ADHD is a lifelong condition that can impact all areas of an individual’s life.  The earlier a child receives interventions to address the impact of ADHD, the more likely the child will experience successful school outcomes.  If parents or caregivers suspect that their preschooler may have ADHD, they may begin by sharing their concerns with their child’s teacher or childcare provider.  These early childhood professionals are familiar with child development and can compare the child’s behavior to typical age-level norms.  Parents and caregivers should discuss their concerns with their child’s primary care physician as well.  The child’s pediatrician may conduct an ADHD evaluation, which will include parent interviews and an examination of the child.  Physicians may attempt to rule out other health conditions that can cause symptoms similar to ADHD, so they may check for vision and hearing problems, sleep disturbances, or other conditions such as anxiety, autism spectrum disorders, or mood disorders.  Parents, teachers, and childcare providers may be asked to complete ADHD rating scales to confirm the diagnosis. 

            There are many ways to help preschool-aged children diagnosed with ADHD.  According to recommendations from the American Academy of Pediatrics, the first line of intervention should include parent training in behavior management.  A behavioral therapist will work with parents to develop ways to manage a child’s challenging behaviors through a system of rewards and consequences.  Physicians may consider prescribing ADHD medication for preschool-aged children if behavior therapy is unsuccessful.  When prescribing ADHD medications for young children, health care providers typically begin with the lowest possible dose to minimize potential side effects.

Exhausted parents and caregivers know that young children sometimes have a seemingly endless supply of energy.  Preschoolers barely finish dragging out one toy before abandoning it in favor of the next. Young children occasionallly act impulsively as they run out into traffic to retrieve a ball or precariously scale the kitchen cupboards to reach a desired snack.  Indeed, most toddlers and preschoolers engage in inattentive, hyperactive, and impulsive behaviors from time to time.  In young children with ADHD, the frequency and severity of these challenging behaviors can disrupt family life and impede the child’s developmental progress. Recognizing the early signs of ADHD can help parents and caregivers obtain the necessary interventions to minimize the lifelong impact of this disorder.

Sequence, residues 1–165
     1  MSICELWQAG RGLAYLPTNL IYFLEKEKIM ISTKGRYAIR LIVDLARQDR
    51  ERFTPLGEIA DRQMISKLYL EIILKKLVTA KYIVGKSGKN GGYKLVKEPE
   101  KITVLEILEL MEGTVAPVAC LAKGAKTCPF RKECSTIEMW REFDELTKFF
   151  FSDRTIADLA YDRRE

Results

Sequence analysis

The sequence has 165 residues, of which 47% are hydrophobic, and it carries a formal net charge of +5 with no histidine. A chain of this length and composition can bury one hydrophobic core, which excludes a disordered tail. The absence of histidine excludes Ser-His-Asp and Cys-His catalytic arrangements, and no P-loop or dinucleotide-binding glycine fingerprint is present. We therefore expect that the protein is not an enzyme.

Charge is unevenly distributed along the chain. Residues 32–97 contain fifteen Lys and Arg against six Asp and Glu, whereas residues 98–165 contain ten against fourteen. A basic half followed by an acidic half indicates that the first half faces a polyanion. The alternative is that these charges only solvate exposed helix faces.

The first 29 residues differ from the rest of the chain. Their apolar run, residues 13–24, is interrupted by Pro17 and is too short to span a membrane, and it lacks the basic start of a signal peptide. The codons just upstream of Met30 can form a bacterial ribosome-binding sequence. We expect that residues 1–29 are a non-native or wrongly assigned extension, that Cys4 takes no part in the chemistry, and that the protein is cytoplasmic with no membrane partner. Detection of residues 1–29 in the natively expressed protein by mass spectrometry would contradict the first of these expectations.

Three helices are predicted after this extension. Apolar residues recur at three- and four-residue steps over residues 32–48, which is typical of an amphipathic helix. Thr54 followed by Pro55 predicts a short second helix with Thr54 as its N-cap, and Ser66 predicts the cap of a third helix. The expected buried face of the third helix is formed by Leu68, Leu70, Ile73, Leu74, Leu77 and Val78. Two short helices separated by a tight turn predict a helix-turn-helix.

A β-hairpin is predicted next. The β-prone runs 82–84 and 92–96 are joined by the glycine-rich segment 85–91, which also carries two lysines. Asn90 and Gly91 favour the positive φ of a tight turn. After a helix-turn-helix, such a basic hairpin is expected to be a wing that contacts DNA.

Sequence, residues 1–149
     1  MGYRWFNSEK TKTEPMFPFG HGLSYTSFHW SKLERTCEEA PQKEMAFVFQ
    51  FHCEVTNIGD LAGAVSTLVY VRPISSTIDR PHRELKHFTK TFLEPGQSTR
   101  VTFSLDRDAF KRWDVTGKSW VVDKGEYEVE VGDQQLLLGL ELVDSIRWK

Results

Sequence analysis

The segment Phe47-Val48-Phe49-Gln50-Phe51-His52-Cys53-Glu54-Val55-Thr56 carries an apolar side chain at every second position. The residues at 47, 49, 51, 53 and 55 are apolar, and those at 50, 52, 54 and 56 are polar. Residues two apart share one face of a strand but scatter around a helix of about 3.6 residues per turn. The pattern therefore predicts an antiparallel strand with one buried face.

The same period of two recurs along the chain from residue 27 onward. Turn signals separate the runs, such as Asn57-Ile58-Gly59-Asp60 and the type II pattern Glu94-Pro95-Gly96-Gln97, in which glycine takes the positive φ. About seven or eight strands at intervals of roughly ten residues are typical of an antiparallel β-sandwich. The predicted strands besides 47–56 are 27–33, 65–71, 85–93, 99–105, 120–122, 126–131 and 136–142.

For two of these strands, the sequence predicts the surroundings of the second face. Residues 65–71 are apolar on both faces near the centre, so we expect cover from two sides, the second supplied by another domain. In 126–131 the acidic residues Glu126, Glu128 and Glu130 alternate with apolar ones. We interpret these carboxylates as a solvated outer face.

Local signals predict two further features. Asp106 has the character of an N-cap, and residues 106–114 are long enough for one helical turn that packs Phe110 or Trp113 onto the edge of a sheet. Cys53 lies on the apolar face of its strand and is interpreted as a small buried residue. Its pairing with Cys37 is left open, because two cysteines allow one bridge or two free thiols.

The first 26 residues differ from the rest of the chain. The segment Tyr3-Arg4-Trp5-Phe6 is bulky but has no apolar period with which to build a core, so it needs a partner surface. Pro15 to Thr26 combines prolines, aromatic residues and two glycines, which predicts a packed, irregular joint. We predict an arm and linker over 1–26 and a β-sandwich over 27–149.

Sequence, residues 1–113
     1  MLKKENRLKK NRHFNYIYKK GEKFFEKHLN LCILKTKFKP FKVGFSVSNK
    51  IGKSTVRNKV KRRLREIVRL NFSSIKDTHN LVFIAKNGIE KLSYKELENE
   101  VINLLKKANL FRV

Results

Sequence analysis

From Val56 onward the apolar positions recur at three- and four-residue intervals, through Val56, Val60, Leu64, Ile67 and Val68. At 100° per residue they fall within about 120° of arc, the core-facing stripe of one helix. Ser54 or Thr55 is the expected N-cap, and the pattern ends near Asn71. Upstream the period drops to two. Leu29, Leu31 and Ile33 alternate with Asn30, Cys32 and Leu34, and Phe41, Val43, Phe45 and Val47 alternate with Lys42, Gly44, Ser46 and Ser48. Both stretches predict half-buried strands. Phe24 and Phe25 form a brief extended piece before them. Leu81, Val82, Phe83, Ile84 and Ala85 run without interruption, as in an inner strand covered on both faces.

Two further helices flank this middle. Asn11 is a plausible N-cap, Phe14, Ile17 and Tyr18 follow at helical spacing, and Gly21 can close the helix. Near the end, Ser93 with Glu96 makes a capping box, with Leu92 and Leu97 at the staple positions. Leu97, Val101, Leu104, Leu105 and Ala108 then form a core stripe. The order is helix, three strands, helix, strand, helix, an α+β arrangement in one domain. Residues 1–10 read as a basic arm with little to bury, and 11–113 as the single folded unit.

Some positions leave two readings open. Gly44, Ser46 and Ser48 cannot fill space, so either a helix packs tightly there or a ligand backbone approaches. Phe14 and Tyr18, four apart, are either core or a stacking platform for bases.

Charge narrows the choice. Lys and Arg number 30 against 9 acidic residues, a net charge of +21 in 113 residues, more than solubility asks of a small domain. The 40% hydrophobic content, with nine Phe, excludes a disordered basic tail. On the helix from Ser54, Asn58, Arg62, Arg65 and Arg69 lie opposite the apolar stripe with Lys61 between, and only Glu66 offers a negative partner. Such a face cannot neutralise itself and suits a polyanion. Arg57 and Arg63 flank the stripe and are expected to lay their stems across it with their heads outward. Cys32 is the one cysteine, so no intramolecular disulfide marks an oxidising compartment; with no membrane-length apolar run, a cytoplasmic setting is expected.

References and Resources

American Academy of Pediatrics Subcommittee on Children and Adolescents with Attention-Deficit/Hyperactive Disorder.  (2019).  Clinical practice guideline for the diagnosis, evaluation, and treatment of attention-deficit/hyperactivity disorder in children and adolescents.

Centers for Disease Control and Prevention.  (2021).  Attention-deficit/hyperactivity disorder.

Children and Adults with Attention-deficit/hyperactivity disorder [CHADD].  (2015). Preschoolers and ADHD.

Understood.  (n.d.).  ADHD and behavior therapy.

Dr. Krislyn Carlson is a K-5 special education teacher with the Beresford Public School District. She has twenty-three years of experience teaching special education at the elementary and middle school levels. Krislyn obtained her doctorate degree with an emphasis on special education and administration from the University of South Dakota. Current interests include adapting literacy and language instruction for students with significant cognitive disabilities and complex communication needs.